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Google Leads U.S. Business Preserve Work Permit for H-1B Spouses

Google is pressing the US company to keep the work permits of H-1B spouses active.

Google Leads U.S. Business Preserve Work Permit for H-1B Spouses

Google Alphabet Inc. confirmed today that it is leading a coalition of approximately 30 businesses and trade associations in opposing a lawsuit that seeks to bar more than 90,000 wives of highly qualified US visa employees from working in the country.

The organisations argue that removing the permit for spouses would cause financial hardship for families because the majority of life decisions, such as raising children or purchasing a home, are based on two revenue assumptions.

Google Leads US Business Push To Preserve Work Permits For H-1B Spouses

What Next

In the coming months, a federal judge in Washington is scheduled to rule on a case challenging H4 visa-linked work permits granted to spouses of H-1B visa holders in highly skilled technical and other industries.

Google’s Vice-President for Legal Affairs, Catherine Lacavera, stated in a blog post that the company was leading an amicus brief in this case.

Google leads US business push to preserve work permits for H-1B spouses

The case was filed in 2015 by Save Employment USA, a group of IT employees who reported losing their jobs to visa workers. It was postponed after President Donald Trump’s administration proposed abolishing the H-4 working visa program. However, the hammer never fell, and now both the plaintiff and President Joe Biden’s administration are seeking summary judgment.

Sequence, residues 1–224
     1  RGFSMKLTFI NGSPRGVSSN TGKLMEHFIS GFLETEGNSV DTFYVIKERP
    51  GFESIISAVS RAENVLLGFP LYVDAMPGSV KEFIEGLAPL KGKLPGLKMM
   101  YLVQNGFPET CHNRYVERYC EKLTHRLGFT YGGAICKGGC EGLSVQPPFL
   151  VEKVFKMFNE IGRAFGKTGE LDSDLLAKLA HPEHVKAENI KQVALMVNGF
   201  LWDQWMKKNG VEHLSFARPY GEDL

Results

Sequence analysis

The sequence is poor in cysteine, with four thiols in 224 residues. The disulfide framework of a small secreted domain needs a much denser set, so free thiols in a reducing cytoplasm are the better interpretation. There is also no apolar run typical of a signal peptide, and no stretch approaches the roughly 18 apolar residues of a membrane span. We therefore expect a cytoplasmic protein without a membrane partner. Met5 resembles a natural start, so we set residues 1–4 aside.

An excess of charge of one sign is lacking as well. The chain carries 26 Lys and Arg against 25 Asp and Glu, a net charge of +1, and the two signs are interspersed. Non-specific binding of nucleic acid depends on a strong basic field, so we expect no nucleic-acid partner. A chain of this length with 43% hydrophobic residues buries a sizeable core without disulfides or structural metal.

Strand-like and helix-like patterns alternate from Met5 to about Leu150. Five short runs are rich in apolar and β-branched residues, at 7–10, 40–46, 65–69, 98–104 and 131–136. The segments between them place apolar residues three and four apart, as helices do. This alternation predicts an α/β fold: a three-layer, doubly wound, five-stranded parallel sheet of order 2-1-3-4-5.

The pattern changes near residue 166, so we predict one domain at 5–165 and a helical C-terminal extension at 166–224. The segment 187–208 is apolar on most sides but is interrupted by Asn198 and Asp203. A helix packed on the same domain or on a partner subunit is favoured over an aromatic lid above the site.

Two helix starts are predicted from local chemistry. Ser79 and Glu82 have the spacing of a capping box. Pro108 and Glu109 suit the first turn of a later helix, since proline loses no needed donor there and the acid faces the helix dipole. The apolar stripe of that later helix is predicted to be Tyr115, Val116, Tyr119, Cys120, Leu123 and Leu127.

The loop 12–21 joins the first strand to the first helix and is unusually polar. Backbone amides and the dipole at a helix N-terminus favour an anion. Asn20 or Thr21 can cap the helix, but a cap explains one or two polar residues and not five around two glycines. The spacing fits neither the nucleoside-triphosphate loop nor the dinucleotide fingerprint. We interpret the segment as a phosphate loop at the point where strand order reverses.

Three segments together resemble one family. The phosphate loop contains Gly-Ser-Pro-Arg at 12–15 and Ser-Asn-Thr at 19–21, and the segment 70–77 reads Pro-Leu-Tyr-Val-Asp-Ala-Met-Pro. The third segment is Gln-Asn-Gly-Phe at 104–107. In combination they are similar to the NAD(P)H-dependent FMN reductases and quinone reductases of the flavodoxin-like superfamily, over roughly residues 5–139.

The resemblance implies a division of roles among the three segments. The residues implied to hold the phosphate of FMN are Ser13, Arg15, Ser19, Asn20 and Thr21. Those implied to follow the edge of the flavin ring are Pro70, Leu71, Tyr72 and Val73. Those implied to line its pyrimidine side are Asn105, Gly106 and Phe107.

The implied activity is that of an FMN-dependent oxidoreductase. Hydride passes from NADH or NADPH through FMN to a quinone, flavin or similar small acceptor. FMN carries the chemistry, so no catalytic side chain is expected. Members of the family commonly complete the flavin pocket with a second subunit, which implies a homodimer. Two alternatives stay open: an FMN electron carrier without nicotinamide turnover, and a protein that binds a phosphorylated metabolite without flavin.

Following employee complaints about work tech confusion, Google lawyers approached trade groups such as the IT Council and recruited Amazon.com Inc., Microsoft Corp., Pinterest Inc., the US Chamber of Commerce, and other organizations to sign the submission, according to two sources familiar with the discussions.

A smaller group of companies, including Google, filed an amicus brief last month in support of a separate case seeking an injunction to force the government to expedite the issuance of work permits.

In ongoing litigation, businesses are challenging even Trump’s rules for better pay for H-1B visa holders and priority visa-higher jobs.


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